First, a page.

{¶3} The Pumas sought a reliable coffeemaker, and Mr. Puma had owned Black & Decker tools in the past without any concerns about quality. Black & Decker is a well-known company that has a reputation for producing well-built products for good value. Mr. Puma believed that the Coffeemaker was a Black & Decker product that he could purchase without any problems, Mrs. Puma believed the Coffeemaker was a better product than Wal-Mart's lower-priced store-brand coffeemaker, and the Pumas were willing to pay more for the Coffeemaker than the store-brand coffeemaker to the extent the Coffeemaker was a better, more reliable product. The Pumas paid $19.92 for the Coffeemaker, believing it was a Black & Decker product.

{¶4} Although Black & Decker has at all relevant times continued to produce and sell consumer products with the Black & Decker name and logos, Black & Decker did not design, manufacture, distribute, or warrant the Coffeemaker. Rather, the Coffeemaker was an Applica Consumers Products, Inc. (Applica) product. Applica and Black & Decker were parties to a trademark licensing agreement whereby Applica paid royalties to Black & Decker in exchange for Applica's ability to use the Black & Decker name and trademarks in the sale of small kitchen appliances, including the Coffeemaker. There is no corporate affiliation between Black & Decker and Applica, and a consumer reading the information on the Coffeemaker's box would not know of any relationship between Black & Decker and Applica.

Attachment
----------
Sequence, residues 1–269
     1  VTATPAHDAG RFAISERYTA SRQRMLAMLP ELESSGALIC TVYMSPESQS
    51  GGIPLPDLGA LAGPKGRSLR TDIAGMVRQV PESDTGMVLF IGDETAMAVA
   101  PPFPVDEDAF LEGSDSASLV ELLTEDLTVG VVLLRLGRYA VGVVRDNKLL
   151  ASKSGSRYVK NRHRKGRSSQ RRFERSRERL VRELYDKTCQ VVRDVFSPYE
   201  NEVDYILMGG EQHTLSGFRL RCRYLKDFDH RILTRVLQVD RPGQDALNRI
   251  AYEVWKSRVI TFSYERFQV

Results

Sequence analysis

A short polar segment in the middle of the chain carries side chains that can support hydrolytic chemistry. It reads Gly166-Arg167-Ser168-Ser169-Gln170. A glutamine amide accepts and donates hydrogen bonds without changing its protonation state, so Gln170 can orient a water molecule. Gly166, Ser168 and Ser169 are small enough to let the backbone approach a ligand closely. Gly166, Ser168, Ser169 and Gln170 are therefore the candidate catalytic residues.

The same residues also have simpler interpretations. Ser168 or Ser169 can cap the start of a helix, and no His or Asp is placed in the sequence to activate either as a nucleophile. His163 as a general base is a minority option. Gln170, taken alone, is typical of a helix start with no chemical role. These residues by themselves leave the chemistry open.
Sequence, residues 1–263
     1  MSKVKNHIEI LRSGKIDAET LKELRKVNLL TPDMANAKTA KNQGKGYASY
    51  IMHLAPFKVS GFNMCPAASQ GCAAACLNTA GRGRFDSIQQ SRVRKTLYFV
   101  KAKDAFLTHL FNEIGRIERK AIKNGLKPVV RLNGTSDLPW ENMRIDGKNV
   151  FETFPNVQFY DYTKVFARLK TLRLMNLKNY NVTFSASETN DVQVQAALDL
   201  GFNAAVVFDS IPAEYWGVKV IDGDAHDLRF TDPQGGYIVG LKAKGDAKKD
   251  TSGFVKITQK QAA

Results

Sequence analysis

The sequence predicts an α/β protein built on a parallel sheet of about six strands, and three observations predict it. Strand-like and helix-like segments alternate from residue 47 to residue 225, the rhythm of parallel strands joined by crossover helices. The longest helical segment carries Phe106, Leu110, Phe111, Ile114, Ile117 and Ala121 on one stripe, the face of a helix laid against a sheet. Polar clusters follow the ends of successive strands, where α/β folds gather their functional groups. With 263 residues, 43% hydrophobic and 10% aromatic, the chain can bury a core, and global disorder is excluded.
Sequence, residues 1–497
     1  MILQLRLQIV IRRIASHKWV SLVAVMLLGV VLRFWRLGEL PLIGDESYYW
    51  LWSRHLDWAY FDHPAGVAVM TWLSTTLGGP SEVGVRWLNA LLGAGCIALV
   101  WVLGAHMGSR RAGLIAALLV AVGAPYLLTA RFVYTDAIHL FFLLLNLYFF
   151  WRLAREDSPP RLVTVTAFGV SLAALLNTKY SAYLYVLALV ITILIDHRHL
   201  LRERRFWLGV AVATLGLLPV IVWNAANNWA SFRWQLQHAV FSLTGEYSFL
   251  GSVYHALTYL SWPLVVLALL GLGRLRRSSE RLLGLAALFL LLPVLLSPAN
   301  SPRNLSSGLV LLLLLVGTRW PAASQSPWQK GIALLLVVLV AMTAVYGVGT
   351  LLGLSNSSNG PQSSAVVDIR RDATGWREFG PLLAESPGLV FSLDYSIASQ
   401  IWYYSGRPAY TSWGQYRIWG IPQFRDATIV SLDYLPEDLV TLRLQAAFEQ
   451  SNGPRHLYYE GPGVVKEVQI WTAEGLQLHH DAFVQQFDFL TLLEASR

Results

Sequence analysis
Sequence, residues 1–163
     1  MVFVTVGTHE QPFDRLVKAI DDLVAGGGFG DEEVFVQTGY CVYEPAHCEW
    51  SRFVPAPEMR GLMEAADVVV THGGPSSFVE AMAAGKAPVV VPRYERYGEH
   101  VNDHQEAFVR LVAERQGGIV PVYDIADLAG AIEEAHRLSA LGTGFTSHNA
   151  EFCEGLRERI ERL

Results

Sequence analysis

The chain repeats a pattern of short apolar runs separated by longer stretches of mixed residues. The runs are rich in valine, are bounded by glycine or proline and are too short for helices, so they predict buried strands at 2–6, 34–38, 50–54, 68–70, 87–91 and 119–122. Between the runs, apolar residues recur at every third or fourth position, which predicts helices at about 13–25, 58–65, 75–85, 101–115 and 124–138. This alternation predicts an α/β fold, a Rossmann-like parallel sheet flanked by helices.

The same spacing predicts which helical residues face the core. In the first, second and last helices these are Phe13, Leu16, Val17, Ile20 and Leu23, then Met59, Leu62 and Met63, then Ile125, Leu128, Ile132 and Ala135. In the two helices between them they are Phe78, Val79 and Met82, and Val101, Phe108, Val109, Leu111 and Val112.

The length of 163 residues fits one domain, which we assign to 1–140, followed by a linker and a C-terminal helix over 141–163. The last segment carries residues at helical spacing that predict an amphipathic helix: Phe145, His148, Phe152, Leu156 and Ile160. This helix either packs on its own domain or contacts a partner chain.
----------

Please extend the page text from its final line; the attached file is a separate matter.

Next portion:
{¶5} The Pumas sued Defendants, asserting various claims, including violations of the UPA based on the Coffeemaker's branding (the UPA name brand claim) and capacity (the 12-cup claim), unjust enrichment, and breach of duty on behalf of other individuals who bought the Coffeemaker. The district court certified a class defined to include persons who purchased the Coffeemaker at a New Mexico Wal-Mart store from 2009 to 2013, approximately 40,600 class members.

{¶6} Following a bench trial, the district court entered findings of fact and conclusions of law. As to the Pumas' UPA name brand claim, the district court concluded that Defendants' conduct constituted an "unfair or deceptive trade practice." The district court also concluded that, pursuant to the UPA, the Pumas were entitled to $300 in statutory damages and attorney fees, but because the class could not establish actual damages, it was not entitled to damages. With regard to the unjust enrichment claim, the district court concluded that, although the Pumas and class members had not received a Black & Decker product in purchasing the Coffeemaker, the Pumas were not entitled to damages for unjust enrichment because they had not met their burden of proof in establishing the amount of these damages.